The “Alphabet Streets” Where It All Began

Pacific Palisades “Alphabet Streets”

The Pacific Palisades Association was founded in 1921 by the Methodist Episcopal Church. They envisioned a community that ultimately could accommodate more than 20,000 people, considering the area’s advantages of moderate year-round climate and the great variety of scenic views. 

The first tract was laid out in a conventional rectangular plan between Bestor and what is now Sunset Boulevard from Chautauqua to Via de la Paz. It consisted mostly of dense, flat lots varying from 5,200 to 7,200 square feet on generally narrow streets. 

The streets were named after Christian Church leaders of the 19th and 20th centuries and designated in alphabetical order, thus giving it the nickname “the Alphabet Streets”. Many people are unaware that the original appeal of these lots was to retired clergymen, widows and Christians of modest means.

Those who have wondered about the name Kagawa are surprised to learn that the Reverend Toyohiko Kagawa was revered as Japan’s greatest Christian leader. He visited Pacific Palisades in 1931. Ironically, he would not have been permitted to own a home here due to deed restrictions at that time which limited land ownership to Caucasians.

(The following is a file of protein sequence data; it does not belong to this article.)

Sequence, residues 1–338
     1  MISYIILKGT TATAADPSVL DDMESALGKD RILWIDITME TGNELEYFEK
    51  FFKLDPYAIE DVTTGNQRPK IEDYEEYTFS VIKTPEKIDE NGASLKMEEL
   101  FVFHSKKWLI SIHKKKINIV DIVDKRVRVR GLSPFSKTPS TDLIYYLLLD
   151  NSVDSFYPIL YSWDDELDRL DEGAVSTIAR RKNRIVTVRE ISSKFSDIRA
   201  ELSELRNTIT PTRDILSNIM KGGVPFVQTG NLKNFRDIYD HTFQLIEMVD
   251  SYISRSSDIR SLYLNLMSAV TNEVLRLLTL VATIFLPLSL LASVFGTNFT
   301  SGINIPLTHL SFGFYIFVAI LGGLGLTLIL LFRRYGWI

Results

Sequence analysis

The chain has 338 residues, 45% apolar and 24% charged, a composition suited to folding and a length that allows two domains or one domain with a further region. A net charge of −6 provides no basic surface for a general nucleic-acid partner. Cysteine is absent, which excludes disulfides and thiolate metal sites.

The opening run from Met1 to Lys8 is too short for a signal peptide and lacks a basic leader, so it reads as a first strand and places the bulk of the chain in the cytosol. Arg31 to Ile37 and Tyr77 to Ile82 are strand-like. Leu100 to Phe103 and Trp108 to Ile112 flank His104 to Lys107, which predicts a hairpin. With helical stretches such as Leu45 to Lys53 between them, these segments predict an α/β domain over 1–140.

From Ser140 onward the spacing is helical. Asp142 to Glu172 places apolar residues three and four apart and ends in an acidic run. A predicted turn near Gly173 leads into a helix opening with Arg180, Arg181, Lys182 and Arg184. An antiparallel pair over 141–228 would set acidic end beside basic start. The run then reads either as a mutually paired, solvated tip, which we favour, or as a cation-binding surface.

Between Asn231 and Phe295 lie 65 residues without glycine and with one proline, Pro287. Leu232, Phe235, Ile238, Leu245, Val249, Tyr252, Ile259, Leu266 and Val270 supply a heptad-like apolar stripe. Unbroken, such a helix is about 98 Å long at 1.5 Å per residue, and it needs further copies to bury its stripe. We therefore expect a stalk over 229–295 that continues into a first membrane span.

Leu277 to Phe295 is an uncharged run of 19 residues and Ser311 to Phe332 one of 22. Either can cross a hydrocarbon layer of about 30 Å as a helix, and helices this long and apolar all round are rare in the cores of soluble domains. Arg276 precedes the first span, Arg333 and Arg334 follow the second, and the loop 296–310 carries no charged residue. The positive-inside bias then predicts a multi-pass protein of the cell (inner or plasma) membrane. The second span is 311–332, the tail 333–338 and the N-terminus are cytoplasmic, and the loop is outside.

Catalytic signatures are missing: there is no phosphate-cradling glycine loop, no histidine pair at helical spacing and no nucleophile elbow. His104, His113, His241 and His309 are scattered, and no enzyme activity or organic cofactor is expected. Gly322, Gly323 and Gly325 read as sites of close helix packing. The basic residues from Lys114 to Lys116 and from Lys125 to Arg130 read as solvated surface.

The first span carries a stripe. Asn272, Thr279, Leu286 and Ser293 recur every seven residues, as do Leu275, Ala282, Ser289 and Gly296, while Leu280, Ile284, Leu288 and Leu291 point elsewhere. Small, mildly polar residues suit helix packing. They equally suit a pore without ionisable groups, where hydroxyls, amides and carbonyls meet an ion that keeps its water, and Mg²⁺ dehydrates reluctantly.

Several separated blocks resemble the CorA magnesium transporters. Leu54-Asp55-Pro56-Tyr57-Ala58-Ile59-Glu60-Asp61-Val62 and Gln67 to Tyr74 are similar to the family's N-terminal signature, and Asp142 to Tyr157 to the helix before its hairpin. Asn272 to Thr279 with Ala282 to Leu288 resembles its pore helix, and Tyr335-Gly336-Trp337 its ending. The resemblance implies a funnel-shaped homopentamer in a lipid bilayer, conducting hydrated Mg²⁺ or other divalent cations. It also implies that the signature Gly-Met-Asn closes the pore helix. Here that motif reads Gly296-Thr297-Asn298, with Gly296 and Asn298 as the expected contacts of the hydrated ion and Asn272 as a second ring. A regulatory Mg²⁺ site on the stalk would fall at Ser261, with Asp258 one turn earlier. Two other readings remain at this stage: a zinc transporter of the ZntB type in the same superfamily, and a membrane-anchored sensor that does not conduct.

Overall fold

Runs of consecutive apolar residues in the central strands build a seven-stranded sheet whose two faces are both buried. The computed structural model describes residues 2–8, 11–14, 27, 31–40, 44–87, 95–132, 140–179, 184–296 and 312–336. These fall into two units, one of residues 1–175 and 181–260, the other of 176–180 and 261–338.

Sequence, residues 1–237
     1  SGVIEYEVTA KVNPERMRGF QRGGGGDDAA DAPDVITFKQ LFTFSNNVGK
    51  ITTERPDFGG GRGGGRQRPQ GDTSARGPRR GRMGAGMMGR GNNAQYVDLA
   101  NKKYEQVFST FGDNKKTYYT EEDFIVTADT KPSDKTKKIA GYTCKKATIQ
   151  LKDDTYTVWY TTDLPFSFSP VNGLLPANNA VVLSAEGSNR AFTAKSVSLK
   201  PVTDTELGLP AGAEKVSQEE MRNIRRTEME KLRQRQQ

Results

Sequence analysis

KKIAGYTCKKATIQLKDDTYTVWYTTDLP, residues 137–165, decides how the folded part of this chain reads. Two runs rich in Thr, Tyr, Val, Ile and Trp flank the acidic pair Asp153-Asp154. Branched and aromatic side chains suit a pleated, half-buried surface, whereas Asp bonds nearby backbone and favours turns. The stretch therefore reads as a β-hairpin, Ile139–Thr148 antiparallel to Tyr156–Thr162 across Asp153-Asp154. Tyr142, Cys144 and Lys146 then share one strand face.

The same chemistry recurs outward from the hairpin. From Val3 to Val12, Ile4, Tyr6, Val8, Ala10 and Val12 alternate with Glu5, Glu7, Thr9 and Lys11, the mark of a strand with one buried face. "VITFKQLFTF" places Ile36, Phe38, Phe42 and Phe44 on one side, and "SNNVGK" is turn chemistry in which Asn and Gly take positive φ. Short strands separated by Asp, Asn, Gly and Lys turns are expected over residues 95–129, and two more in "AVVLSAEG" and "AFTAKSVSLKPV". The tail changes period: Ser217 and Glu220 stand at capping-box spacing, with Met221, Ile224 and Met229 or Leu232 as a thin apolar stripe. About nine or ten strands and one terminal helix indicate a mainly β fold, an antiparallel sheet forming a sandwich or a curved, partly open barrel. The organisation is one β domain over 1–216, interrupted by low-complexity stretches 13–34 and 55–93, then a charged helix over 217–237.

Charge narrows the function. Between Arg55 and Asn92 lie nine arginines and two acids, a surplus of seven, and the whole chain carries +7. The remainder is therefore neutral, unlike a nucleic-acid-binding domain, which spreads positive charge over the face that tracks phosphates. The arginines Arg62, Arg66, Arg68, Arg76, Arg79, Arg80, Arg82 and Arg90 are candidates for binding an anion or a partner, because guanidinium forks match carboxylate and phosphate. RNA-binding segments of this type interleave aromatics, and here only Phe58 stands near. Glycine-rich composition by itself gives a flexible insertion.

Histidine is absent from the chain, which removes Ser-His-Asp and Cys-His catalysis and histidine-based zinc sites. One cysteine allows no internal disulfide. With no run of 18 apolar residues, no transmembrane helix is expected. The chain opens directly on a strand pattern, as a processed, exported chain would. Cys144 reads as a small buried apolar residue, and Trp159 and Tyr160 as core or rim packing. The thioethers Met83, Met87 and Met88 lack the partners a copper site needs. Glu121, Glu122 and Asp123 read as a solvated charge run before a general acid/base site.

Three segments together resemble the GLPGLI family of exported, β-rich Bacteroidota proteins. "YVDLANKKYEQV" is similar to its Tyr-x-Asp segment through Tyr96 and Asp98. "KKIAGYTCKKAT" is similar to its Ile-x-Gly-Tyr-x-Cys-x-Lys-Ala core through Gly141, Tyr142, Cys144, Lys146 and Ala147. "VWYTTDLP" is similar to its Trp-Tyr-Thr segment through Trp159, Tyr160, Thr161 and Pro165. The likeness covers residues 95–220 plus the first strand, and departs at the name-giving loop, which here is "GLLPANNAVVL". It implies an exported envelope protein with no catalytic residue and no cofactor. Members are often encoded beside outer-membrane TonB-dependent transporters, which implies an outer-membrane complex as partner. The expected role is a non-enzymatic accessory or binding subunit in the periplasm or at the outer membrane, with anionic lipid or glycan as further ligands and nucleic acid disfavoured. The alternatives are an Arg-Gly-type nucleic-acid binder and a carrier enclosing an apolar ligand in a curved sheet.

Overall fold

From its beginning with about 100 homes by the mid-1920s, this neighborhood now has more than 880 homes and has grown in popularity due to its proximity to the Village shops, restaurants, schools, park, library, etc. 

Long considered the neighborhood for “starter” families and originally offering bungalow homes with less than 1,000 square feet, the Alphabet streets in 2020 have homes selling for an average of $3.8 million. A couple of homes which were around 7,000 square feet on 3 levels sold for more than $7 million. Investors are willing to pay between $2-3 million for most of the lots in this area because it is more favorable for building new homes than in many other Palisades neighborhoods.

The new Village block has added to the strong desirability of this area. Many people enjoy walking through the development’s numerous higher-end shops, places to eat, outdoor sitting areas, theater, etc.

Above: Aerial view of the “Alphabet Streets” in Pacific Palisades, with Potrero Canyon in the lower left and Santa Monica Mountains in the background.

Image Source: Santa Monica Public Library Image Archives